How do you solve a problem like Iran?

JEWISH LIGHT EDITORIAL

What is Israel going to do about Iran? What should Israel do about Iran?The radical theocratic Islamist regime of Iran, headed by Supreme Leader Ali Khameini and President Mahmoud Ahmadinejad, is on a dangerously escalating collision course that threatens the peace not only of the volatile Middle East, but of the entire world:

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* According to The Associated Press, Iran has issued the go-ahead to build up to 10 more industrial-scale uranium enrichment facilities, a major expansion of its program in direct defiance of demands by the United Nations.


* The outgoing director of the International Atomic Energy Agency (IAEA), Mohamed El Baradei, in what The New York Times describes as “unusually blunt language” said last Thursday that Iran has stonewalled investigators about nuclear enrichment for weaponry, and that efforts to reveal the truth had “effectively reached a dead end.”

* Dissidents in Iran are clearly under attack. Kurdish activist Ehsan Fattahian, who had been serving a 12-year sentence for a similar charge, was summarily executed by the regime on Nov. 12 after a prosecutor went back to the court to demand a tougher penalty. According to Newsweek, dissident executions are definitely on the rise in Iran. Iran also broke into the safe deposit box of Nobel Peace Prize Laureate Shirn Ebadi, a human rights lawyer, to confiscate her prize medal.

The latest moves by the Iranian regime come near the end-of-the-year deadline set by President Barack Obama to reassess whether the United States should move toward what Secretary of State Hillary Rodham Clinton has termed “crippling sanctions” on Iran. The regime has no intention of complying with the demands of the international community to halt its development of nuclear weapons, even in the face of a 25-3 vote by the IAEA — with Russia and China in the majority — condemning Iran for obstructing investigations into its nuclear weapons program and demanding that Iran stop enriching uranium at a once-secret facility.

Where does this leave Israel, which has only promised to hold off ’til year’s end? Well, it appears that by some accounts the recent Iranian statements about expanding their program are nothing but hissing and seething. “The bold announcement appears to be largely bluster,” as stated in the Jerusalem Post on Monday. “Any new plants would take years to build and stock with centrifuges, if Iran can even afford it or obtain the materials while under UN sanctions. But the ambitious plans demonstrate Teheran’s anger over the IAEA rebuke and its refusal to back down in the standoff despite sanctions threats.”

And therein lies the rub. If the international community moves to the strong economic sanctions being discussed, then Iran likely reverts to a no-inspection policy, which in turn makes monitoring more difficult, which diminishes Israel’s ability to assess the near-term threat, which makes an Israeli attack more likely. If the world cannot come together on sanctions, then Iran’s nuclear plans will continue apace and Israel may see little choice but to attack.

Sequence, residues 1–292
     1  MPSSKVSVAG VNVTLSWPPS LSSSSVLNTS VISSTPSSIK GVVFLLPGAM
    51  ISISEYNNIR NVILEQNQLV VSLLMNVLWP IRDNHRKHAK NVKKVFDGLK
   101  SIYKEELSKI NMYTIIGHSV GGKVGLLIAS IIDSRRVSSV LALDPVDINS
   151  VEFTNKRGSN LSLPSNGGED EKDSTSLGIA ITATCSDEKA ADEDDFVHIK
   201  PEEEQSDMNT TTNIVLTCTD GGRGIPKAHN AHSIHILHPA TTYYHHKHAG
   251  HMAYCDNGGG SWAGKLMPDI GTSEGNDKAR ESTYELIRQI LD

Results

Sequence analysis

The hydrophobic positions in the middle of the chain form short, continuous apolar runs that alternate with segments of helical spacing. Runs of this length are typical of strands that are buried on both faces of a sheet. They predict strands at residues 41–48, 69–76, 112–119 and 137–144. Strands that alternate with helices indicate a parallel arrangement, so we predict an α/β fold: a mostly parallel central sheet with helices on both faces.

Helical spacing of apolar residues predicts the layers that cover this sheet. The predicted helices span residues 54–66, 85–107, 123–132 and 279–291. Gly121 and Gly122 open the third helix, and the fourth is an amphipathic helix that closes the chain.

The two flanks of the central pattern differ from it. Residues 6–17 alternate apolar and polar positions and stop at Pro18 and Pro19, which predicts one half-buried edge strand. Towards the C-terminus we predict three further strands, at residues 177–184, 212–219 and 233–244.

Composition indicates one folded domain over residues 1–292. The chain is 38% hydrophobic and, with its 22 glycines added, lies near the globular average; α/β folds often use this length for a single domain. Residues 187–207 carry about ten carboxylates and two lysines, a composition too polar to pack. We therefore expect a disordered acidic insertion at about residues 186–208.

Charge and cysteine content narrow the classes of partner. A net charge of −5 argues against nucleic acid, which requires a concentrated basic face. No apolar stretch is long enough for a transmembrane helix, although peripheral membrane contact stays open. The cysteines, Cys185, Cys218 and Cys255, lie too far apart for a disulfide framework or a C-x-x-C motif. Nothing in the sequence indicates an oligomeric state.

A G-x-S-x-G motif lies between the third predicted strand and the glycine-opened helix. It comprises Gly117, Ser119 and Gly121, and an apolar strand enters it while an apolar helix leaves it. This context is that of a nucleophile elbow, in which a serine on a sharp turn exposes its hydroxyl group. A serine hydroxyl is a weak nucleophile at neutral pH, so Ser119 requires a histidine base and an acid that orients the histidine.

Perhaps Israel can be convinced meaningful talks can continue, but it’s unclear where the leverage will come from to effect a deal. The U.S. seems to have no ability to exert meaningful pressure on the hard-liners. Perhaps it could come from Russia, which is developing a civilian nuclear plant for Iran. Or it could presumably come from more moderate Arab nations, though their influence over the non-Arab regime in Iran is next to nothing.

Truly and sadly, beyond sanctions the most imposing threat comes not from outside Iran, but from inside. The hundreds of thousands of protestors who so nobly took to the street on the heels of the sham elections this summer hold the key to Iran’s future. While Iran has cracked down in horrific fashion against protestors and dissidents, the pressure the regime has felt to now is nothing compared to what could ensue if rigorous sanctions are imposed. If financial desperation hits the nation and the people get to the “nothing to lose” stage, then the sacrifice of lives is likely to become a rallying cry more than a fear factor. If such a counter-revolution ensues inside Iran, all bets are off and predictions then hinge on who wins a civil war and whether the international community will engage militarily against the regime.

If that scenario plays out, then Israel will not have to serve as the world’s police against this dreadful authoritarianism. If it doesn’t — either because sanctions are not imposed due to world weakness, or because the people of Iran do not assert themselves against their government — then there is almost nothing that will deter Israel from acting. And that is what is making the United States and others awfully nervous.